Applying the standards of education of the World Federation of Occupational Therapists to selected occupational therapy educational programs in the United States
In higher education, accreditation has been used to maintain the quality of education at universities and their schools by setting standards of education. Both the World Federation of Occupational Therapists and the Accreditation Council of Occupational Therapy Education set standards of occupational therapy (OT) education so that educational programs can graduate practitioners with the needed “tools” for effective practice in OT. To explore the issue of differences and commonalities between the ACOTE and the WFOT standards of education, and how they may affect graduating therapists, three studies were conducted.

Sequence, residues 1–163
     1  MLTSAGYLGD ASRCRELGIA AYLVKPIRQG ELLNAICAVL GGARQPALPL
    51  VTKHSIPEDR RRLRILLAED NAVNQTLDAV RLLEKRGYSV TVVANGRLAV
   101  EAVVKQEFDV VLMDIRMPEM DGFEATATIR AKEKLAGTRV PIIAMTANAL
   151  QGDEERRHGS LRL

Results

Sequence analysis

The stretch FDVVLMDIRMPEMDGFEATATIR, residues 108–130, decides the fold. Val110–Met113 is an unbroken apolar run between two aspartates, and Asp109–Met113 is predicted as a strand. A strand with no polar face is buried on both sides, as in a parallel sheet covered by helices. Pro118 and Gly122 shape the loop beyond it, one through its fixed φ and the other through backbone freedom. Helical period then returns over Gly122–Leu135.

The first study consisted of a literature review related to: higher education in the United States, occupational therapy standards of education in the US, the World Federation of Occupational Therapists’ standards of education, the cross-countries challenges and adaptation of foreign healthcare workers. The Second Study applied the WFOT Revised Standards of occupational therapy education to a selected sample of OT schools in the US, to investigate to what extent do OT schools in the US meet the WFOT Standards? And to what extent do OT curricula in the US emphasize the substantial knowledge, skills and attitudes outlined in the WFOT Revised Standards? Five OT Schools in the US participated. On average, all the universities covered 87% of the WFOT competencies at the Knowledge, Skills, and Attitude levels, ranging from 77% to 90%. The universities combined coverage to Knowledge was 88%, Skills was 85%, and Attitudes was 80%. The third study explored the challenges and adaptation of occupational therapists who practice in foreign countries; the perceptions of occupational therapists to their readiness to practice OT in a different country. Seven occupational therapists were interviewed. Three main themes emerged from analyzing the interviews, they were: general challenges while working in a foreign country; OT-related challenges; and issues related to occupational therapy education, several subthemes emerged as well. This dissertation contributed to OT literature by comparing standards of education of the ACOTE and the WFOT. Also by bringing attention to the challenges that occupational therapists face when moving to foreign countries and how they adapt to these challenges.